First Impressions Of Programming With Adobe AIR

(Originally posted 2008-06-25.)

Many of you will have, by now, installed the Adobe AIR runtime. Most probably it will be to run something like Twhirl.

At this point many of you will be asking “what’s Twhirl?”

If I said it was a nice desktop application that makes using Twitter so much easier I hope you don’t ask “what’s Twitter?” 🙂

So, we’re beginning to see these desktop applications coded using Adobe AIR, which stands for “Adobe Integrated Runtime” (formerly “Apollo”).So, what’s special (if anything) about AIR?

In my experience, two things:

  • AIR applications run across Mac, Windows (and in Alpha form) Linux.

    (In fact I installed the Linux AIR alpha plus Twhirl on my ASUS EEE PC some months ago. (Nice machine that EEE, by the way.) It worked fine within the limitations of the AIR alpha code.)

  • It’s entirely possible to code up AIR applications using just a text editor. (in fact that’s precisely what I did.)

    My editor of choice, for whatever that’s worth, is Notepad++ on Windows. (And I’d rather not start an editor war here, thanks.) 🙂 And the EEE comes with the Kate editor, being built on Debian Linux.

    I like environments where there is little, if any, in the way of barriers to entry for programmers.

So what does an AIR application consist of?

In principle one can do fancy things with Adobe Flex Builder and .SWF files but that requires expensive tooling. But there is another way:

You can write an AIR application of arbitrary complexity with two files:

  • A small XML file.
  • Your HTML file which can also have javascript in, just like normal web pages. In fact your typical AIR HTML file could be thrown straight into a web browser and work just fine.(That is unless you use some of AIR’s special capabilities – which your javascript can detect the availability of and code around accordingly.) And I assume that when I say “your browser” I mean a standards-compliant one like Firefox. 🙂 Note: The flavour of AIR that uses HTML / Javascript is actually built around the Safari browser.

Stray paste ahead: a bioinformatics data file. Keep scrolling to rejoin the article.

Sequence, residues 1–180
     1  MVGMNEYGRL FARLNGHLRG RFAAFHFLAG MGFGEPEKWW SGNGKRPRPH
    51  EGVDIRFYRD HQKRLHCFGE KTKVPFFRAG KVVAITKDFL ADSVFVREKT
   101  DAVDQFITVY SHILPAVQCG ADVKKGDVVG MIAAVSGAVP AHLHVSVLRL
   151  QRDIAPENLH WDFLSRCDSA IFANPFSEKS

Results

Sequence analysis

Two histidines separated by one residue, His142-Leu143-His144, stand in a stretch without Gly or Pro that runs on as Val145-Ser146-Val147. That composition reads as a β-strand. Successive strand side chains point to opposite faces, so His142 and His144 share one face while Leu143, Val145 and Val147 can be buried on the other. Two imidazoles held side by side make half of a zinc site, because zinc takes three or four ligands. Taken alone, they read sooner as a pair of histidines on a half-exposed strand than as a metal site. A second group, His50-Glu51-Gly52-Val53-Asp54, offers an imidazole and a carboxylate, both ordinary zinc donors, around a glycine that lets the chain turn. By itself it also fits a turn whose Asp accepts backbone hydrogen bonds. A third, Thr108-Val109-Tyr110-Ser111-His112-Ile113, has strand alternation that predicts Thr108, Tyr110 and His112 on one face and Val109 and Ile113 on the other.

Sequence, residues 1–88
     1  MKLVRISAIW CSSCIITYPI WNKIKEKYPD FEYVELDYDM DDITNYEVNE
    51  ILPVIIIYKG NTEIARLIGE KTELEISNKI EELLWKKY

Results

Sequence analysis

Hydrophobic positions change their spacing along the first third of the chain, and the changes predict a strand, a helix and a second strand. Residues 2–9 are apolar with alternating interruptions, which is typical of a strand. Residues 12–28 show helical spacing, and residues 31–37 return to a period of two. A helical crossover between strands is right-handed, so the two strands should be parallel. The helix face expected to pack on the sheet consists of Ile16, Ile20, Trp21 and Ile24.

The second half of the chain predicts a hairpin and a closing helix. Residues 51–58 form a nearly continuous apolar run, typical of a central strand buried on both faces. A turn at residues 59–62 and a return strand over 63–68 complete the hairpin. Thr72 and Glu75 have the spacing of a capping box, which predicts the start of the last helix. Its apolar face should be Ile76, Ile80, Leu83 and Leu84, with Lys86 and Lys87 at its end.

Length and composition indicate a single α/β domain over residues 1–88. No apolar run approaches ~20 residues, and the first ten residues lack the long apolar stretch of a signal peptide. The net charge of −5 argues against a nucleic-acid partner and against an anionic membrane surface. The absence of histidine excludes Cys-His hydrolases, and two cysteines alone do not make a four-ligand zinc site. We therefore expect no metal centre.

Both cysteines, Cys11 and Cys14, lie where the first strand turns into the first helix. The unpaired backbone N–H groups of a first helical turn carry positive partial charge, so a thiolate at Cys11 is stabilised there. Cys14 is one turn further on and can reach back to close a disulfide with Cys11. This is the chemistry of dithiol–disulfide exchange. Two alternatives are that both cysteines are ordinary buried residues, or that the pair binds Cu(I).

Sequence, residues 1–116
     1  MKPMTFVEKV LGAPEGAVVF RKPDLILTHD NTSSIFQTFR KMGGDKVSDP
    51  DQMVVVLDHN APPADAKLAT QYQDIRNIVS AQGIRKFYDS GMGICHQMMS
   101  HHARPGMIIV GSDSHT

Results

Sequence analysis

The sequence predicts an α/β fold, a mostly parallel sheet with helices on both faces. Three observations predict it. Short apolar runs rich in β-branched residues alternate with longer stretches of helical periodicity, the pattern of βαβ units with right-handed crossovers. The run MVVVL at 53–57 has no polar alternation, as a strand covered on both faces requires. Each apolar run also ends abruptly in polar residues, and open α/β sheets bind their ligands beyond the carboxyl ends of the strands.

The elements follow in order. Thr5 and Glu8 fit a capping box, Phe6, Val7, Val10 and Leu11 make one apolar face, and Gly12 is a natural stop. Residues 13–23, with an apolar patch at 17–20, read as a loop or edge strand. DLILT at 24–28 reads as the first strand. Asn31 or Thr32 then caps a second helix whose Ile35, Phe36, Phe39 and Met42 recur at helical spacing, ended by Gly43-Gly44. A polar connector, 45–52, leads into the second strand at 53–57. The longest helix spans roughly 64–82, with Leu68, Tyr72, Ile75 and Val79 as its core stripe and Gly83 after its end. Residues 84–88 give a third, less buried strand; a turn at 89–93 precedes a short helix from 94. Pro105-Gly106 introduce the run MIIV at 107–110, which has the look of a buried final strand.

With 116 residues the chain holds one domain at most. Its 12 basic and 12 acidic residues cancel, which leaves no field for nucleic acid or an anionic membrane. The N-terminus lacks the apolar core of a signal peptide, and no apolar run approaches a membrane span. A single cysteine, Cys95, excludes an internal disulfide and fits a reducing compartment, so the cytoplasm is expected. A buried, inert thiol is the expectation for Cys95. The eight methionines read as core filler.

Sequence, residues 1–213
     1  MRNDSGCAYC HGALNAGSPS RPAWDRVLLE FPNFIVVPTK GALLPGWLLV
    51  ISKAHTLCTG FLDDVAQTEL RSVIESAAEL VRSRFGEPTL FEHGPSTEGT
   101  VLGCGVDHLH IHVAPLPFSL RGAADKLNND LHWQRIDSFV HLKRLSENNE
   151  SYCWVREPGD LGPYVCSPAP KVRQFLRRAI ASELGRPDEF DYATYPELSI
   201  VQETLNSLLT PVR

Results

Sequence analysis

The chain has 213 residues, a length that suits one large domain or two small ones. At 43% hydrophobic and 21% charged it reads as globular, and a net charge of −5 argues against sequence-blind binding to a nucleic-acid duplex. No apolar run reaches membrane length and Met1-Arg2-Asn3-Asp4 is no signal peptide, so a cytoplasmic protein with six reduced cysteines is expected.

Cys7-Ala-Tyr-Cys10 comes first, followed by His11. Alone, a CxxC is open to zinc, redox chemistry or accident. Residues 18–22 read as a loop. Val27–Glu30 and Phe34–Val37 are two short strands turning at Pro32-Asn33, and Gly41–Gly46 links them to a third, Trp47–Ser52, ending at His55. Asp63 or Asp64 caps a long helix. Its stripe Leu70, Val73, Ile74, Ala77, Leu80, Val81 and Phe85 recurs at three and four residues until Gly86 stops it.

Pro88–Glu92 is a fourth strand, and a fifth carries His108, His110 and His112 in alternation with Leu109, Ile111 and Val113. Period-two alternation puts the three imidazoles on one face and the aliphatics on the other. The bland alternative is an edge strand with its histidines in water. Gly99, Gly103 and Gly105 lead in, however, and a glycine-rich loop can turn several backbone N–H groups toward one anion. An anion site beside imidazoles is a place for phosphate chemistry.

So I really think the “this builds on what you already know” point makes it attractive to an awful lot of people.

This isn’t an AIR tutorial so I’m not going to give you samples of the small XML and html files. You can easily find those on the Web. I just want to leave you with the impression there isn’t much to it. And there is an O’Reilly pocket guide for AIR. (But there isn’t a “For Dummies” book for it – so that’s alright.) 🙂

There are alternatives – such as Mozilla’s XULRunner (whose user interface is based on XUL rather than HTML) and, I suppose, Microsoft’s Silverlight. But neither is as easy and “I just need a text editor and the SDK to do it” is pretty enticing.

So, I’m impressed at its simplicity, the fact it builds on HTML, XML and Javascript. And if you want to be able to build something that looks like a desktop application, complete with drag-and-drop and clipboard capabilities, this may well be a good fit for your needs.

I mentioned the SDK. It’s free (but it doesn’t run on Linux and I’ve not heard any suggestion that it will). It comprises two useful tools:

  • ADL – which you use for testing
  • ADT – which you use for packaging up your completed application. This involves signing the resulting .AIR file – and the ADT tool has the capability to enable you to be “self certifying” so that gets round the cost of getting a certificate from a more formal authority. But it does require users to trust you. 🙂

Both are simple to use.

So, I got a “Hello World” application up and running in about twenty minutes, and that even with typ(o)ing in the XML and HTML files from the O’Reilly book. Swiping from the Web would probably be quicker – but you’d learn less.

And now I’m proving remarkably productive at writing a full-scale application. What’s slowing me down – if anything – is my very basic CSS. And this application uses XMLHttpRequest and walks the DOM tree to build the window contents on the fly. All using standard javascript. Oh, and my CSS is rather more under control. 🙂 I just need to refactor it into multiple parts as all my CSS / HTML / Javascript is in the one file. Oh, and then there’s refactoring to use dojo. I’m told you can use dojo in an AIR application, so long as you ship the dojo runtime with it.

If you want to know more about AIR go to their blog. For Twhirl go here and, of course, Twitter is here.

Note: IBM doesn’t appear to have any commercial interest in AIR. And I certainly don’t. So I’m just telling you how I see it.

Published by Martin Packer


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